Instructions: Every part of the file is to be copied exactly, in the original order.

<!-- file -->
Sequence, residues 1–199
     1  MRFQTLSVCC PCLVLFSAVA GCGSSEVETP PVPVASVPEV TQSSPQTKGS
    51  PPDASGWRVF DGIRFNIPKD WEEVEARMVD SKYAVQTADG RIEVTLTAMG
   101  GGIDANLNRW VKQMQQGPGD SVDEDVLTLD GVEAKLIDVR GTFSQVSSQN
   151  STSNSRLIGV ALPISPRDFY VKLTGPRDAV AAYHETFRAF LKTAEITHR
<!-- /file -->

Sequence, residues 1–199
     1  MRFQTLSVCC PCLVLFSAVA GCGSSEVETP PVPVASVPEV TQSSPQTKGS
    51  PPDASGWRVF DGIRFNIPKD WEEVEARMVD SKYAVQTADG RIEVTLTAMG
   101  GGIDANLNRW VKQMQQGPGD SVDEDVLTLD GVEAKLIDVR GTFSQVSSQN
   151  STSNSRLIGV ALPISPRDFY VKLTGPRDAV AAYHETFRAF LKTAEITHR